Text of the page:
A HAPPY MAN—Harry’s Story
By Sydney Gay
Eight doctors studied the MRI of Harry’s brain, large black areas indicated irreversible damage, “In his condition brain exercises won’t help much, your husband is on his last battery, make him as comfortable as possible.”
Who would have guessed a gas leaf blower could do this much damage, the dust that entered his lungs was a combination of common street debris, construction particles including metals, insecticide residue and animal feces. I researched what the EPA (Environmental Protection Agency) had to say, www.EPA-Health Hazards of Leaf Blowers-www.progressivesource.org/..health_hazards.html/smoke, soot, dust, salt, acids, metals (CA EPA Air Resources Board 2009). About 5 lbs of particulate matter per leaf blower per hour airborne up to four hours, a major issue for communities banning blowers, in Beverly Hills, California a $1,000 fine.
Harry returned to Alicia’s nursing home in a sad condition, he could not walk, he could not sit or rise off a chair, he did not talk, his body was painfully swollen. Doctors prescribed so many different pills I asked Alicia if we could reduce the medications, slowly we did that. After seventy per cent of the meds were eliminated his eyes brightened, the swelling disappeared, Harry’s energy and good humor returned, he began talking again, he was still frail, he lacked concentration but he was lucid. I remembered something Einstein said about the human mind, on average most humans use less than fourteen percent of brain capacity, I assumed the other eighty-six percent had a purpose.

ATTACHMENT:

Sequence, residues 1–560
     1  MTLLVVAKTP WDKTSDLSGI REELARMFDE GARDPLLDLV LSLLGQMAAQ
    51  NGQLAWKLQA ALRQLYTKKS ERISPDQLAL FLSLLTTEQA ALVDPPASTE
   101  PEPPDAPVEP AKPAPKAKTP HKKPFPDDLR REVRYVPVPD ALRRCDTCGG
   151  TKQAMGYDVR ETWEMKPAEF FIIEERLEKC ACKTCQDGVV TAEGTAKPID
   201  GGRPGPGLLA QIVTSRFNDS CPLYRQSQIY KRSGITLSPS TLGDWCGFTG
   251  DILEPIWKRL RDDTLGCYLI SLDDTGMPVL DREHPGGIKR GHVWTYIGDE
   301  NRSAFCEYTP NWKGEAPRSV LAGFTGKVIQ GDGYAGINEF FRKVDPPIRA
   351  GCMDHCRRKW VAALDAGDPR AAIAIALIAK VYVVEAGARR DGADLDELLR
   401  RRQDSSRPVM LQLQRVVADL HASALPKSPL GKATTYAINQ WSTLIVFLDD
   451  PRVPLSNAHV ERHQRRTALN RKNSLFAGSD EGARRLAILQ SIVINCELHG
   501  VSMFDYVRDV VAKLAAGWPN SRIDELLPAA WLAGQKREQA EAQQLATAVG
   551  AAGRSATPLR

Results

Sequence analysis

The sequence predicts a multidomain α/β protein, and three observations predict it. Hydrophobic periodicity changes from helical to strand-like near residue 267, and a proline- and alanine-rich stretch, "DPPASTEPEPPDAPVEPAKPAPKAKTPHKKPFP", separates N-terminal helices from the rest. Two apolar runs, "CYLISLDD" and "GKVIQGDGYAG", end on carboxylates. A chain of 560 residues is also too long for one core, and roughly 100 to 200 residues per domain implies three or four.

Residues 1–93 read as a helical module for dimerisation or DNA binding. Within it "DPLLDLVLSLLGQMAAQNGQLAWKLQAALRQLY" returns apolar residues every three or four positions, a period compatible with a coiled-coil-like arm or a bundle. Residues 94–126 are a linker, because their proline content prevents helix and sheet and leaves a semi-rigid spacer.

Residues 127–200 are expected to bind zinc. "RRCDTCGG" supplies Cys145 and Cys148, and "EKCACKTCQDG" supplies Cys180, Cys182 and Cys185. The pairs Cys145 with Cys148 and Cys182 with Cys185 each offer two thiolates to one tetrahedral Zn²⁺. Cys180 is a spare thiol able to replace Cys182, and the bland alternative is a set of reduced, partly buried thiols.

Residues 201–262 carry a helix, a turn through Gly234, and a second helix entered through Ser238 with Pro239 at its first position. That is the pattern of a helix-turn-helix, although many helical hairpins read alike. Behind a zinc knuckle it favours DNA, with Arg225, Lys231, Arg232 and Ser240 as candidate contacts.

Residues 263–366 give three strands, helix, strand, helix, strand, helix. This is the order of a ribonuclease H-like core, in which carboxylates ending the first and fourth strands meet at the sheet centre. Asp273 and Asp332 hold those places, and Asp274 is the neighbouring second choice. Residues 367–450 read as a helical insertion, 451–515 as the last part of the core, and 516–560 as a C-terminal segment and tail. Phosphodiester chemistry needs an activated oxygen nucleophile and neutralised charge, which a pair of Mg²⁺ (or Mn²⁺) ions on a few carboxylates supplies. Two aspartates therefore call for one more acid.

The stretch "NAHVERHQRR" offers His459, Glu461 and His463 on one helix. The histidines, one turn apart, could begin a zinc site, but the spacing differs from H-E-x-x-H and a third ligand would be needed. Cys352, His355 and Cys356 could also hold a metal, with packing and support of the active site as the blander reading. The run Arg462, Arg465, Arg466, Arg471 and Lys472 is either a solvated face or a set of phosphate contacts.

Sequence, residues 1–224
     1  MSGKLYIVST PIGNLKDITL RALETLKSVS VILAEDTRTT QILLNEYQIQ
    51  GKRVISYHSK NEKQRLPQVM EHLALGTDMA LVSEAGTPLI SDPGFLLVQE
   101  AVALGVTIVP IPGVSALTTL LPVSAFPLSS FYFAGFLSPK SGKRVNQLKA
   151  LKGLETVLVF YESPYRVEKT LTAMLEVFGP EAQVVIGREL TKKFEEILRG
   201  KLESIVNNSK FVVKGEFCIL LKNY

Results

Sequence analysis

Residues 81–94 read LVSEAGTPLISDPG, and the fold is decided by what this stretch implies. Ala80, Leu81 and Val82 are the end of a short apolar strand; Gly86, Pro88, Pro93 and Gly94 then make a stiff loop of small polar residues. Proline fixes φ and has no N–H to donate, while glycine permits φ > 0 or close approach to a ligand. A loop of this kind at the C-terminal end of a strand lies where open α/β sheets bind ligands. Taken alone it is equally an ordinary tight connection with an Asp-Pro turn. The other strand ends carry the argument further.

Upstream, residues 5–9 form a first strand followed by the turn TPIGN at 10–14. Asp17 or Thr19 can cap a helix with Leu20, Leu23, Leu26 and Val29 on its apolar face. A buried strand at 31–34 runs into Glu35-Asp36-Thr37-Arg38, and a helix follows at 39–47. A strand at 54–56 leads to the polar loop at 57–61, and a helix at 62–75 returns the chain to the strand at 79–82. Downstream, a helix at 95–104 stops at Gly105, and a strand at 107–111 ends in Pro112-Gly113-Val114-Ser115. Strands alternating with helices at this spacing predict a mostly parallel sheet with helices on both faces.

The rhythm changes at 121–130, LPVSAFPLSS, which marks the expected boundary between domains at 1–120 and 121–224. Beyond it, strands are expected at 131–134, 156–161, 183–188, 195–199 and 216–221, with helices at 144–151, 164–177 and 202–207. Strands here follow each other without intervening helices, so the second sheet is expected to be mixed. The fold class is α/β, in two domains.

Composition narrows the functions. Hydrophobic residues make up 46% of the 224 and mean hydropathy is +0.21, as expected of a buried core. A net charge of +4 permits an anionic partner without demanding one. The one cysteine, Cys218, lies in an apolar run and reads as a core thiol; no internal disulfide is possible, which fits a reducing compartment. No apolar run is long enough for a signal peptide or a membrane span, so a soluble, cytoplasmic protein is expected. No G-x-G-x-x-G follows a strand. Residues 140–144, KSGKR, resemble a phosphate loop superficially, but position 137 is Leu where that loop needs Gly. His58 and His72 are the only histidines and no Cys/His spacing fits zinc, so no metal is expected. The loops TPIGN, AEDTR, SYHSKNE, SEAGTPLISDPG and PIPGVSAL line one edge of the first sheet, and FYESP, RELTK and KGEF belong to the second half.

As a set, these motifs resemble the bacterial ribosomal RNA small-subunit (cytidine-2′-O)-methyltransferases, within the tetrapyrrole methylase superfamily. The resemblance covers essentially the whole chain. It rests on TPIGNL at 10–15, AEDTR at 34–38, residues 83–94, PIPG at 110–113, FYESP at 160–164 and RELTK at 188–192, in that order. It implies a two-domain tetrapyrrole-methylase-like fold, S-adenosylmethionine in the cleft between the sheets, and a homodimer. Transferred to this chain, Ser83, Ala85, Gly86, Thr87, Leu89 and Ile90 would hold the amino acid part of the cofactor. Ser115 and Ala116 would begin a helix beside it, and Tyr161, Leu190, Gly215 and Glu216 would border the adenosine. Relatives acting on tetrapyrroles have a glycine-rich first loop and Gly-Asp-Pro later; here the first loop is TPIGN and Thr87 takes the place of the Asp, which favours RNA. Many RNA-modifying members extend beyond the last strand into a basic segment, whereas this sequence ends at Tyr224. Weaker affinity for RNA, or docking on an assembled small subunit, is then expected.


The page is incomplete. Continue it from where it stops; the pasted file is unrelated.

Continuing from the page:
I am not the brightest flower on the block, I don’t know how I did what I did next, I asked Harry if he would be willing to study the MRI x-rays of his brain; he said yes, I took out the photos, 146 different images, I explained the damaged parts, then pointed to the undamaged parts, “Harry, this part of your brain is still good, can you find that place in your head?” I touched his skull, “Tell this good part to connect over here to this other part of your brain.” Clearly he was processing. “Were you able to do it?” He said yes. I doubted he was telling the truth. The blackened areas were really wide spread; nevertheless, holding the x-rays up again, pointing to the worst area I made a line to an unblemished section, “Go from here to there Harry.” He seemed to understand.
Part of me knows you might not believe it. Even so I am obligated to explain what happened after this. Harry’s mind improved, it quickly improved. Everyone at the nursing home witnessed it. Within a few days I was able to open Webster’s Dictionary and ask him to spell words; he loved the game, he could not yet read the words, but he spelled without error, wanting more I asked for definitions, he got these correct as well.
Visitors who had never met him found Harry to be a remarkably interesting conversationalist, he glowed with love and laughter. Since all the doctors said he did not have much time left, I began taking notes. Here are four short recorded conversations.